Hope in the times of a pandemic | Aga Khan Academies

Hope in the times of a pandemic

09 September 2021

This year World Literacy Day focused on the disruption to learning that so many young people faced as a result of the Covid – 19 crisis.  This magnified the pre-existing inequalities that existed in access to meaningful literacy learning opportunities. While globally organisations found ways to continue learning including distance learning, the access to these opportunities was not evenly distributed. The shift to an online form of learning highlighted the persistent digital divide in terms of connectivity, infrastructure, and the ability to engage with technology, as well as disparities in other services such as access to electricity, which has limited learning options.

Rainbow Girls orphanage is a home for girls from the age of 7-18 in the outskirts of Hyderabad, Telangana. They take in orphans, girls from vulnerable backgrounds, and more. While they are supported with extracurricular resources at the house, the home managers had noticed that the girls’ mental well-being had not been well. The pandemic has only added to the struggles as the girls do not get as many visitors and organizations or groups who conduct on-site activities and sessions.

Students from the Academy have run two projects over the course of the last year, ‘Project Better You’ and ‘Project Connect’. They focused on creating programmes which allowed the girls access to activities and information that would allow them to continue to learn despite the onset of the pandemic.

Mahek Charania in DP2 and her team, with guidance from the School Counsellor Ms. Isabelle Didsbury, the support of Mr. Venkat Reddy (CAS Coordinator) and Ms. Sujata (Rainbow Homes), decided to launch the ‘Better You’ project. They recognized the interests of girls at the Homes, particularly in the arts and used creative interventions to introduce various concepts of mental health. They assisted the girls by showing them how they can use their hobbies for emotional regulation. In their upcoming sessions, they hope to introduce the concept of the interconnection of physical and mental health by hosting a Zumba session.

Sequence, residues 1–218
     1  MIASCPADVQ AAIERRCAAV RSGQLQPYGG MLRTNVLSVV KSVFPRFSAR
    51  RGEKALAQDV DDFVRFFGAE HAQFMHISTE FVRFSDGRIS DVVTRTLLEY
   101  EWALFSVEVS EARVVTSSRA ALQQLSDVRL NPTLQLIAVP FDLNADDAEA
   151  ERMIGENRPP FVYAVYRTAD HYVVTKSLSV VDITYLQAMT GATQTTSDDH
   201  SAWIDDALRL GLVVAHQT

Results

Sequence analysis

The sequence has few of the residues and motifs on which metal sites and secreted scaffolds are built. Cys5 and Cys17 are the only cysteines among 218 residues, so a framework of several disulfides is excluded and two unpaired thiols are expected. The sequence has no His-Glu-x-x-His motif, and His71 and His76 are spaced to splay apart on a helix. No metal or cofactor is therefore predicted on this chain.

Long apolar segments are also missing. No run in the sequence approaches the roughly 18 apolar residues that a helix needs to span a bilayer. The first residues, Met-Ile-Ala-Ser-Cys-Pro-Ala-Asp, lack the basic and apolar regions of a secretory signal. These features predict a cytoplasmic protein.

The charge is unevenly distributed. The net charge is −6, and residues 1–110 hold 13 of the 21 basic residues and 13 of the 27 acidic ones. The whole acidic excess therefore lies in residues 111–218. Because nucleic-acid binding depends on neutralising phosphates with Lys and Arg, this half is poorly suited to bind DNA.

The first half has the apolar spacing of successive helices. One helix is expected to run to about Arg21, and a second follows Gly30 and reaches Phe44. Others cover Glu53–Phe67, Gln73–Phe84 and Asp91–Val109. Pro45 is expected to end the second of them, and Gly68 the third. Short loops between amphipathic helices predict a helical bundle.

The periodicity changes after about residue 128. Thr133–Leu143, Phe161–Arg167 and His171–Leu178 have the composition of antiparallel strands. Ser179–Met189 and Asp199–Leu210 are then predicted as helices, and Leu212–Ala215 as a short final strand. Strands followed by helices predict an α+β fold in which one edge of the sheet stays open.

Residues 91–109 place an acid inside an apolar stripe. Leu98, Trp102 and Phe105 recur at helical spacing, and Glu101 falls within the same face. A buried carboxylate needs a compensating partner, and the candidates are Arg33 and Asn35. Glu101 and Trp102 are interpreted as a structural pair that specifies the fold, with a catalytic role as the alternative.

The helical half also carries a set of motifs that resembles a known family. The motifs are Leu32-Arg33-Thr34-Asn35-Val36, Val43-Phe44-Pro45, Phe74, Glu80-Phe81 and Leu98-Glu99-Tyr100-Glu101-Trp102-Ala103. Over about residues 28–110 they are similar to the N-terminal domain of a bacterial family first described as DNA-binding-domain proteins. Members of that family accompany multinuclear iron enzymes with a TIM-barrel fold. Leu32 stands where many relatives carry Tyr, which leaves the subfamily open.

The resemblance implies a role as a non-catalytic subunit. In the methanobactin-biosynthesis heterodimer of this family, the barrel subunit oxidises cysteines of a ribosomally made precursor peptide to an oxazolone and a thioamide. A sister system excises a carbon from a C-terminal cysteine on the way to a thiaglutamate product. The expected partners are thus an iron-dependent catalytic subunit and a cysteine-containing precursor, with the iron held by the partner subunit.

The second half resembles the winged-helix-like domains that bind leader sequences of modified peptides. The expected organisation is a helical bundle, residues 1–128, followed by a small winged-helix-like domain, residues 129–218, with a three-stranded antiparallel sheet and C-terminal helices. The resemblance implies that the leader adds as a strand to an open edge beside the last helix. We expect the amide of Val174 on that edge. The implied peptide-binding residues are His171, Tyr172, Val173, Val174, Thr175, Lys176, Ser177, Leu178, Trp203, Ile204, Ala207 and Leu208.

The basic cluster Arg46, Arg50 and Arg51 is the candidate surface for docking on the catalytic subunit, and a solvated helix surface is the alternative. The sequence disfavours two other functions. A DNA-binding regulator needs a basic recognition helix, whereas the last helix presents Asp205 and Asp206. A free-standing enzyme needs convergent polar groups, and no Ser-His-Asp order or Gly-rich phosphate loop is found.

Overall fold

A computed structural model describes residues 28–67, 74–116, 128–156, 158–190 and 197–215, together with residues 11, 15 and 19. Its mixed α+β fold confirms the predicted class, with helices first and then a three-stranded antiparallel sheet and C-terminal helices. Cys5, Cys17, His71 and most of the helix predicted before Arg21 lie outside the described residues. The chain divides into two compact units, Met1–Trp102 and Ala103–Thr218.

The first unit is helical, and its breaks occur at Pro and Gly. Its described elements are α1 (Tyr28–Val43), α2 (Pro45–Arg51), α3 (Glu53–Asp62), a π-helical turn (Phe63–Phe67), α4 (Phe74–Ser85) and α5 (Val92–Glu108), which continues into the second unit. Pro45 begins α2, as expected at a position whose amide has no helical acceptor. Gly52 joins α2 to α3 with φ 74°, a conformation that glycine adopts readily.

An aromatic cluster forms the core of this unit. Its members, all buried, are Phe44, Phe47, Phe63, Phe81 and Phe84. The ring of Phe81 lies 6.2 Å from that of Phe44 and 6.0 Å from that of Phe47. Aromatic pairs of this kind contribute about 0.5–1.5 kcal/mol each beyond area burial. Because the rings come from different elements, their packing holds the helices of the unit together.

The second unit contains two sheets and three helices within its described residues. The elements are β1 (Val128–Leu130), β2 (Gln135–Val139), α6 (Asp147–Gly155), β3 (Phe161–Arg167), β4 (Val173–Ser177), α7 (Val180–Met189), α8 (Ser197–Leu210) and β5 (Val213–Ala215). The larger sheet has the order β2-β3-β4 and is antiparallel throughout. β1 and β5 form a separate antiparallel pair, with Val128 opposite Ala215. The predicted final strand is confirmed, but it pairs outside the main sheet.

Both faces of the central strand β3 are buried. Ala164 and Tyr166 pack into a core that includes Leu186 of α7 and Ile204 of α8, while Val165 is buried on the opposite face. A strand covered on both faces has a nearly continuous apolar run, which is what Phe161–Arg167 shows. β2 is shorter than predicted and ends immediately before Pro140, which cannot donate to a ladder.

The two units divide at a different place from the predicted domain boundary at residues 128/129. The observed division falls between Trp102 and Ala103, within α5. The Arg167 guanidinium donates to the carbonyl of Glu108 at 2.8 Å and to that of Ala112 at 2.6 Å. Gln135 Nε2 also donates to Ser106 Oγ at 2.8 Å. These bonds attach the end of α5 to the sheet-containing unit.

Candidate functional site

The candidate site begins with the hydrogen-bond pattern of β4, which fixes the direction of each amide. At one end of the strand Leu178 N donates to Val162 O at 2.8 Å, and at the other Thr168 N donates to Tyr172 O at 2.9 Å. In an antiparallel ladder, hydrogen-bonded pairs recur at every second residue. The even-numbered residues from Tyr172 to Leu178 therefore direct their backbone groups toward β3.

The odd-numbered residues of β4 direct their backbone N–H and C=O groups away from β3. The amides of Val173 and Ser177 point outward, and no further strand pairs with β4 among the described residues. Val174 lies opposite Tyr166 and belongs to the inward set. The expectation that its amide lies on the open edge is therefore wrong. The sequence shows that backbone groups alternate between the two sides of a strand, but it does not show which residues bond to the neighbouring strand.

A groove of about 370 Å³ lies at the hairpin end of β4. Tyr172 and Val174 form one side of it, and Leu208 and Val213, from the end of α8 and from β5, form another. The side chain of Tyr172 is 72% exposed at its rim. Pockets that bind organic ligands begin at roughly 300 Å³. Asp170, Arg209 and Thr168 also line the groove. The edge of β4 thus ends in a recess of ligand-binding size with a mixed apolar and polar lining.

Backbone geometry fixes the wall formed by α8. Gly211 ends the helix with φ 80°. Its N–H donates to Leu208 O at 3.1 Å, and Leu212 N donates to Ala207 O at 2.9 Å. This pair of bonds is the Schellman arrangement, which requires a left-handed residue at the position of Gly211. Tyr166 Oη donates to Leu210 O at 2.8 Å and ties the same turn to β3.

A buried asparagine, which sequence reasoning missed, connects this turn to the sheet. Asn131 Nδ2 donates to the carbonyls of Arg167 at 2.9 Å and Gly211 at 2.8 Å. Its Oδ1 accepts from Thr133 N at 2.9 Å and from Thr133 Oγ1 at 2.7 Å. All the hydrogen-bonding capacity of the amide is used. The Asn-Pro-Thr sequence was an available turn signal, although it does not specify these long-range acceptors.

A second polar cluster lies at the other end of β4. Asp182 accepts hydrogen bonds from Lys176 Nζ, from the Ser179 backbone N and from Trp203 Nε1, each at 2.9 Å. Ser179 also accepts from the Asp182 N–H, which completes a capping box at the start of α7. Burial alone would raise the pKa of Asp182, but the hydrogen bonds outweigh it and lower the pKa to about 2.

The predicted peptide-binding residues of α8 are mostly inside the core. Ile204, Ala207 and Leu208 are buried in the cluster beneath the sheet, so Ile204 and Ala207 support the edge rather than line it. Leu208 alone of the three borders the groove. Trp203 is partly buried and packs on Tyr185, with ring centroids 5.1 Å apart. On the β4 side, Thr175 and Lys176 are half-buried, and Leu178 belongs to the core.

'I enjoy the activities we do. I remember the line drawing activity where we had to draw the portrait of our friend without picking up the pen and we also drew with our left hand and with our eyes closed! We learned about trusting ourselves with the process and accepting and pushing through challenges. Everyone (team members) always encourages us to do our best.'

The ‘Better You’  Rainbow House project members (all in DP2) are Lizna Lakhani, Aksha Hemnani, Imra Dawoodani, Sai Snehit Mallareddy, Nasir Hajiyani, Aleena Parbatani, Rida Mawani, Vaishnavi Bala, Iqra Amlani, Ashutosh Kumar, Inara Dhanani, Ayman Daredia, Vishnu Tejas, and Mahek Charania.

When DP2 students Ayaan Merchant and Ahil Bhayani started to think about their CAS (Creativity, Activity and Service) project they knew that they wanted to focus on an activity that helped them give back to society. They began interacting with the girls at the Rainbow Homes and realised how much untapped potential each of them had. It led them to partner with the RFI Rainbow Home in Falaknuma and begin to conduct virtual sessions for the girls.

Over the course of the project, the CAS group engaged the students through sessions where they tried to increase the knowledge amongst the group of girls. They did this with a series of guest speaker sessions, which allowed a holistic understanding on a wide variety of topics. The guest speaker sessions included cultural appreciation with a group named "The Culture Corner", a session on careers with Ms. Rozina Rana (a certified Career Counsellor), menstrual hygiene which was run by students at The Bindu Organisation, public speaking with Mr Arjun Puri (Dean of Admissions at the Aga Khan Academy Hyderabad) and a puppetry show (Ventriloquism by Mr. M Santhosh).

‘We have learnt so much from the Aga Khan Academy sessions about career and goals as well as how to develop our education. We do hardwork in studies and set goals. When we listen to life stories it really motivates us.'

They also collaborated with The Rotaract Club of Margao, Goa and the Rotaract Club of Osmania Medical College, Hyderabad to conduct a donation drive for high-priority items at The Rainbow Home.

Even though their project was inclined towards the education, they chose to name it ‘Project Connect.’ The reason for this particular name was that they didn’t want to educate the children or give them something as a donation, but to connect with them, to make them feel involved and part of a bigger world, a world beyond those four walls. Their aim in every session was to not just teach the children something new and interesting, but to make them connect with each guest speaker.